Jesuit Social Services has welcomed the Victorian Government’s $5.6 million budget investment to expand the current Youth Diversion Pilot Program which steers vulnerable young people away from future involvement in the justice system and works to reduce reoffending.

“Youth diversion programs are crucial in allowing young people to address the causes behind their offending while still holding them accountable for their actions. They make sense because they are proven to reduce crime, while young people can develop stronger links to family, school and the community,” says Jesuit Social Services CEO Julie Edwards.

Ms Edwards says the organisation has called for a legislative framework to mandate the availability of diversion across the state.

“Victoria has very few legislative protections to ensure children are diverted away from the criminal justice system, and diversion programs are often limited in eligibility or catchment. Making diversion accessible to all young people will ultimately improve community safety.”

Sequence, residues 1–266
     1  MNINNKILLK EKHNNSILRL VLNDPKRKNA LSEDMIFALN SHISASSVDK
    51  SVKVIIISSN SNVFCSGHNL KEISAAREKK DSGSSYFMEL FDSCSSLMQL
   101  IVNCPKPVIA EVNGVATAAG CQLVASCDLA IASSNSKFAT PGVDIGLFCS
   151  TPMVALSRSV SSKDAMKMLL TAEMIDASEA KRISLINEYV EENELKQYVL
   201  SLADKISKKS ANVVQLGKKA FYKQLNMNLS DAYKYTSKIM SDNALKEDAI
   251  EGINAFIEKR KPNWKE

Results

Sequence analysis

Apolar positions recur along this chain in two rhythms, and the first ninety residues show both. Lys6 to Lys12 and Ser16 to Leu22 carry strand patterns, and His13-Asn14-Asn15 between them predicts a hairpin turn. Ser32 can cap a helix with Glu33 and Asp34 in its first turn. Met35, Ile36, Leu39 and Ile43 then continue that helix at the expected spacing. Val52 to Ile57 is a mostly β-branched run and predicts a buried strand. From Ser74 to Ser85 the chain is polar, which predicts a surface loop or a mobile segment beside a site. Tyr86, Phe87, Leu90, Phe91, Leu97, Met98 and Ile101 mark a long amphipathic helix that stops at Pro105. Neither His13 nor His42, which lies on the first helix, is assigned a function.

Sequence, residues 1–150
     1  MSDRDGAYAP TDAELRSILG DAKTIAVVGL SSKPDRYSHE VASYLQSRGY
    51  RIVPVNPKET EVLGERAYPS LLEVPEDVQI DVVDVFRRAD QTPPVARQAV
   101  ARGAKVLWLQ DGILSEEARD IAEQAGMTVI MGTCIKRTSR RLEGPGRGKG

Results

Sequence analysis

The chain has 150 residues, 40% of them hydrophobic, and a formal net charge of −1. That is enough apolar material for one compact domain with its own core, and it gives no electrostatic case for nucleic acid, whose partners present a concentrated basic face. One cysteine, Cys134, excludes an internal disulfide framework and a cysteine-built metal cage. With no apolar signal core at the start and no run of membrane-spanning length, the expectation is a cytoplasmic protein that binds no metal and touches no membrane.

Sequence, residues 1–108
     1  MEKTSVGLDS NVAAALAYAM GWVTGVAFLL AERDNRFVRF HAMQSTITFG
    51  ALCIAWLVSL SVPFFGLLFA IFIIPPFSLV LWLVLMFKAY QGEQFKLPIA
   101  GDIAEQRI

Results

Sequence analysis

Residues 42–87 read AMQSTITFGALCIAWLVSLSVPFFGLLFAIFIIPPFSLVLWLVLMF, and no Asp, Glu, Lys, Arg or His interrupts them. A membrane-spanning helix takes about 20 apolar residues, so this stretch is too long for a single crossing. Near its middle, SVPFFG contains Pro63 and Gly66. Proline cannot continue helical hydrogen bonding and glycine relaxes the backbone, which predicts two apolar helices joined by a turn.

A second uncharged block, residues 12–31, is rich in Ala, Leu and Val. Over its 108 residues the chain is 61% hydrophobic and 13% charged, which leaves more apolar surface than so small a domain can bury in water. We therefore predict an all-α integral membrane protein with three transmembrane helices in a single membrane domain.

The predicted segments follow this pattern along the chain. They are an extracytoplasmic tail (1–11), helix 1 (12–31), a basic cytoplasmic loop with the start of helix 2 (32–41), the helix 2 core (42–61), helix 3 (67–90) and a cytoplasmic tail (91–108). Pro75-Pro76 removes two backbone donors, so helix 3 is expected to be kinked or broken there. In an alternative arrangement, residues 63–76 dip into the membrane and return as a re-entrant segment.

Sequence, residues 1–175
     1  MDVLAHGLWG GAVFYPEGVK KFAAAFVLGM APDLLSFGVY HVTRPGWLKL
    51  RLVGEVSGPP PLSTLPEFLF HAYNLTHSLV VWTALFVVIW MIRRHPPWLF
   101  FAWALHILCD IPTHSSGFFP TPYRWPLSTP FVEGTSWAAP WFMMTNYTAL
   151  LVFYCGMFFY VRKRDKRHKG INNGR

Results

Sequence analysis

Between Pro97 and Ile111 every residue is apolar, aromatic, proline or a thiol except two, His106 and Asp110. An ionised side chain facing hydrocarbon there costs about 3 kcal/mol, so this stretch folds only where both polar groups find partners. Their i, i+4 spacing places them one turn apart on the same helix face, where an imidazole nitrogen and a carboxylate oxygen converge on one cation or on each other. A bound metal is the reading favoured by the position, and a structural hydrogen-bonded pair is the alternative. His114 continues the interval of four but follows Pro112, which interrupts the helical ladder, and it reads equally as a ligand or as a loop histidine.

In partnership with YSAS (Youth Support and Advocacy Service) and Centacare Ballarat, Jesuit Social Services last year commenced the 12-month pilot program in the Dandenong, Broadmeadows, Werribee, Ballarat, Ararat and Stawell Children’s Courts. Young people appearing for a first or second time for a low-level offence can be referred to the program, and if an individualised Diversion Plan is completed the young person will not receive a criminal conviction.

To date more than 90 per cent of more than 270 participants have successfully completed the program, and positive impacts in engagement with education and specialist services have been demonstrated.

One of the recommendations in the recent Royal Commission into Family Violence report was that the Victorian Government establish a statutory youth diversion scheme, subject to a successful evaluation of the pilot.

“We are pleased that the Royal Commission acknowledged that this program could prevent family violence through addressing the use of violence in the home and preventing future violent behaviour.”

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